Friday, April 14, 2017

Anti-gay horrors in Chechnya need to be investigated and stopped!

Putra Kurniawan/EyeEm/Getty Images
After various reports in minor media outlets or websites about this story, the Guardian has finally published about it.   Still, questions remain:

Just what is going on in Chechnya?  Are Chechen authorities "rounding up" gay or gay-suspected men and putting them in concentration camps to face violence and even death?  

As the Guardian reports: "Journalists at the Russian newspaper Novaya Gazeta, which first reported the story, say they have incontrovertible evidence that at least three gay men have been killed since the operation started, and believe the full death toll could be much higher. Chechen society is extremely conservative and homophobic, and there are fears that some gay men may have been killed by their families after being outed by authorities." 

Of course, the despicable crew of folks running Chechnya and Russia deny the reports, claiming no gay people exist in Chechnya.

I hope more international media pick up this story and find out the truth. 

I'd also really like to know what my national government is doing to stop this outrageous treatment.  No doubt, our federal government is not particularly friendly with Russia these days, so I hope they are taking action to try to stop this.  

I've signed an Amnesty International petition.   I urge everyone to do the same. 

Let's not let this story disappear like so many other atrocities being experienced in our world have been.

********UPDATE********

Glad to see Canada's Minister of Foreign Affairs, Chrystia Freeland, speak out yesterday against the anti-gay violence in Chechnya. 

Here's another petition from OutRight definitely worth signing.

Thursday, April 13, 2017

Trudeau Liberals keep major promise by introducing marijuana legalization bill

Thursday was a good day for Canada.   The legalization of a banned substance far more innocuous than dozens if not hundreds of other fully legal substances or activities has now been proposed in federal legislation.

Prime Minister Justin Trudeau has taken a major step to keep one of his signature promises, which is good because he's broken too many of them already.   Had this one been abandoned like electoral reform, it might've caused a complete collapse in his support among cool progressives who voted Liberal in 2015, who'd probably no longer care much if Trudeau beats out the next Conservative leader in 2019 (as there'd clearly be little difference between them.)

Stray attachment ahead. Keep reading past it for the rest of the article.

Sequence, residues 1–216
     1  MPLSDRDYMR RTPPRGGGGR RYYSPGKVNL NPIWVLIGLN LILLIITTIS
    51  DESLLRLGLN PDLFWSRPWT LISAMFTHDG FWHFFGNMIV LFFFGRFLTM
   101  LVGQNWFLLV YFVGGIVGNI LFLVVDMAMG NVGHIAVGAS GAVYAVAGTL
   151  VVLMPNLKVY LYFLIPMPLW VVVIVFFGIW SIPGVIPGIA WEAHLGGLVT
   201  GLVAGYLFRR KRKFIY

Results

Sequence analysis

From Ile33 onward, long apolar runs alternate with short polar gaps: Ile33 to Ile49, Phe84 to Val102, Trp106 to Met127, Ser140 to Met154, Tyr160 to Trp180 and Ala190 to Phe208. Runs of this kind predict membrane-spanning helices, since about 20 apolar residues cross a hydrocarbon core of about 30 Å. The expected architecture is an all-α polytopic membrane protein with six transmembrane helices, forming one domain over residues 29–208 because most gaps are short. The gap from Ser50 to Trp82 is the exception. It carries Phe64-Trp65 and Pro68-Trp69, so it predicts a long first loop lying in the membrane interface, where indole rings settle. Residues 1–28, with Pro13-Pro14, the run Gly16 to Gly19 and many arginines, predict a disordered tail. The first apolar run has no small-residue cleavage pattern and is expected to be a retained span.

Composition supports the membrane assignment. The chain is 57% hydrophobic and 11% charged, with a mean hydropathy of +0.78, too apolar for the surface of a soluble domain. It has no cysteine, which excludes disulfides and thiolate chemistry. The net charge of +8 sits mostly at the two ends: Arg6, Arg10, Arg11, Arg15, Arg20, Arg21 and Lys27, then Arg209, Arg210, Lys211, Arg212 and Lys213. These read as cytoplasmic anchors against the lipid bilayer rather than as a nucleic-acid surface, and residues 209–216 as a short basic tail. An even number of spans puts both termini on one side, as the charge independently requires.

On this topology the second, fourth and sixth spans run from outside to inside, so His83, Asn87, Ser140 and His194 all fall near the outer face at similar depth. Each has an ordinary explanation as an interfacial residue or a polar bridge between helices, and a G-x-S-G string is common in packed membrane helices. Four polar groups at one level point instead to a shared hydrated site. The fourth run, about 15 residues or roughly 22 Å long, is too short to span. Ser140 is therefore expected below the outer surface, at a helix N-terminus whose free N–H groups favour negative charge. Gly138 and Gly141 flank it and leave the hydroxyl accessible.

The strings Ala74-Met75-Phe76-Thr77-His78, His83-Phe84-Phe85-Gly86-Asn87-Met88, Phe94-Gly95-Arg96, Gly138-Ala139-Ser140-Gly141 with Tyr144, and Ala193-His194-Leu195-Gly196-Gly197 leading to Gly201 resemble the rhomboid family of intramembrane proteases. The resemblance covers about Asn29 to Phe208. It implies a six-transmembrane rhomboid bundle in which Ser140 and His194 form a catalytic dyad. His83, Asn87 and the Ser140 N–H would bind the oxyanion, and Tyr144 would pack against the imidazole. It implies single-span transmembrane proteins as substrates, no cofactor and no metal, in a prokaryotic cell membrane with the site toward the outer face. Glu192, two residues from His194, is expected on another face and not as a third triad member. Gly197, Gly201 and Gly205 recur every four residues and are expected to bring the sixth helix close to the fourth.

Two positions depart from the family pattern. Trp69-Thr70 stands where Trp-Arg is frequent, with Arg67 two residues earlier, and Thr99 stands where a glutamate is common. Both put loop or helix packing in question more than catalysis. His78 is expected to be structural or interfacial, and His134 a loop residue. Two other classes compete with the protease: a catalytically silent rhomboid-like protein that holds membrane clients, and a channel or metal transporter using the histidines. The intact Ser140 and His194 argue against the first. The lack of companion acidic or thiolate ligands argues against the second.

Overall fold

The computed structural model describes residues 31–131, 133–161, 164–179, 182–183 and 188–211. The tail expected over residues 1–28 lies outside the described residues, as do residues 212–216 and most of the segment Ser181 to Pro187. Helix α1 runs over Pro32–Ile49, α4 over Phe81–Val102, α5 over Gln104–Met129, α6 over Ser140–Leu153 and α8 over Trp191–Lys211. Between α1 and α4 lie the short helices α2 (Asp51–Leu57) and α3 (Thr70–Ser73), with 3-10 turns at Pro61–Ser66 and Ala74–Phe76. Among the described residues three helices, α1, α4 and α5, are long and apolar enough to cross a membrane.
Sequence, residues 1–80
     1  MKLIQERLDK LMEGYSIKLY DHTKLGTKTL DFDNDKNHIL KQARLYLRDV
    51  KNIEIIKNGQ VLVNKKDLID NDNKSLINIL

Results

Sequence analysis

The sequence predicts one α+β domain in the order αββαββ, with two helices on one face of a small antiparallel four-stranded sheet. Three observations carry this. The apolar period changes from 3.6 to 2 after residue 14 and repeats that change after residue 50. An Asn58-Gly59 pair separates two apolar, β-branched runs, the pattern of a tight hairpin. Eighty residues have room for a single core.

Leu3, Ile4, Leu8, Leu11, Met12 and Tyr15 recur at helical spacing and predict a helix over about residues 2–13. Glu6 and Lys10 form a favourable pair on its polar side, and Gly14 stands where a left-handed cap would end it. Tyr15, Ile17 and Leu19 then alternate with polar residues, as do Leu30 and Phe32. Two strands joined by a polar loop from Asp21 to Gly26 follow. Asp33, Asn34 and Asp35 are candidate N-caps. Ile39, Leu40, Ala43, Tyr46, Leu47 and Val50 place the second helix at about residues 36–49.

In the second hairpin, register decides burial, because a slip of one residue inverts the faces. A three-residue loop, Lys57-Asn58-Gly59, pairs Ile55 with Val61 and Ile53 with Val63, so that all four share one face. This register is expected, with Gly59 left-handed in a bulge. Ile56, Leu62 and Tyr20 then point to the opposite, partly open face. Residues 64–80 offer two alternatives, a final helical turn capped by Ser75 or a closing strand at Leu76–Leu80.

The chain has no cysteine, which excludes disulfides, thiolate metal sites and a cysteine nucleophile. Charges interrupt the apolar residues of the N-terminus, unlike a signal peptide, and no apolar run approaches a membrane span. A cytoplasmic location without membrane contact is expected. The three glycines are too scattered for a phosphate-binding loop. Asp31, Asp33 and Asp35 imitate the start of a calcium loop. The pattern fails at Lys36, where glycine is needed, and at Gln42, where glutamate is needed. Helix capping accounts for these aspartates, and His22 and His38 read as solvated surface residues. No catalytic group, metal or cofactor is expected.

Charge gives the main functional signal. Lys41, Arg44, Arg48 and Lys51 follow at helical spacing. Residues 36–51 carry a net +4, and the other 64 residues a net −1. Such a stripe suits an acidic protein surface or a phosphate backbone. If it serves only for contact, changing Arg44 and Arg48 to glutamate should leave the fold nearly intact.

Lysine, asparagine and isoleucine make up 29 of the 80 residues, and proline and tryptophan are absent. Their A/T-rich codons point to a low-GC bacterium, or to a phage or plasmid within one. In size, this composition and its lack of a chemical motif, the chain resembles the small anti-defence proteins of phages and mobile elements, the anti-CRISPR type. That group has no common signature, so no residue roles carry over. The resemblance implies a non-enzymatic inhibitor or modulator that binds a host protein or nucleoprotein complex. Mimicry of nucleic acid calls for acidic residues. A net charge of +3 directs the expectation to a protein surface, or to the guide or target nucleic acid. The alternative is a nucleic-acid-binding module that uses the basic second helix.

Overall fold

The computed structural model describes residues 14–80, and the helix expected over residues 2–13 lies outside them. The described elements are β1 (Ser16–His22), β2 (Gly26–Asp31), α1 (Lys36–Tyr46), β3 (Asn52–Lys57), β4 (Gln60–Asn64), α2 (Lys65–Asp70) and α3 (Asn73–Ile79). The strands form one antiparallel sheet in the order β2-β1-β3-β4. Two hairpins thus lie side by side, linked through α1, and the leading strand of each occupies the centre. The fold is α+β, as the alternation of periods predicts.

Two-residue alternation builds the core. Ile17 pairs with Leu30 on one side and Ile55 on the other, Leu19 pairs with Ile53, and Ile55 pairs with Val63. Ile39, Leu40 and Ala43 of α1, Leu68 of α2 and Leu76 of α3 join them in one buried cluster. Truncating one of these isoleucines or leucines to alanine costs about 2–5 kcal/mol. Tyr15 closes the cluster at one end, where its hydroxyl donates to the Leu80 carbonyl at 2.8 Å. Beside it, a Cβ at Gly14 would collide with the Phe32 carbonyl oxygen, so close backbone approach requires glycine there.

Now New Democrats won't be happy because those cool lefties will not be pissed at the Grits.

Conservatives won't like legalizing pot, but conservatives don't tend to like the good things in life much at all, so who cares?

The pathetic caution and unease of certain commentators I'm seeing today is definitely annoying.  The media largely continues to err on the side of hysteria, producing alarmist "news" reports on today's legislation that often quote unproven "facts" about the use of marijuana, proving how out of touch they are with the public. 

There are some fundamental truths that make this legalization move the best way forward: organized crime, which has benefited for decades from the ban, will lose massive profits when the underground pot market shrinks to near nothing.  Profits from other drugs that remain illegal will be considerably smaller as other drugs will never be as popular as marijuana.  Plus, a regulated regime will ensure that legal pot growers and sellers on the market become accountable.   Those who have embraced pot but don't grow their own will now be able to know and understand what's in their pot, how it was grown, unlike today where thousands of users simply don't know.   This move today is a win for public health.  

Will this legalization lead to an increase in use?   No.   I can say that with confidence as I truly believe, as all should believe if they're honest, that most human beings are always attracted to that which is "banned" or "taboo" by greater society.   Ban something, you increase curiosity about it.  Legalize it and put it in boring, brand-free packaging, and make it as commonplace as beer, you take away one of its greatest appeals.  Those who like pot will use it legally, the majority of Canadians who don't like pot will continue not to use it (but will at least benefit from the tax dollars raised from the legal sale of it.) 

Years from now, we'll laugh about how silly it was that marijuana was illegal for so many decades.   It's a shameful legacy based on lies and bullshit thinking.   I'm glad we have a government that knows that and is finally prepared to do something about it.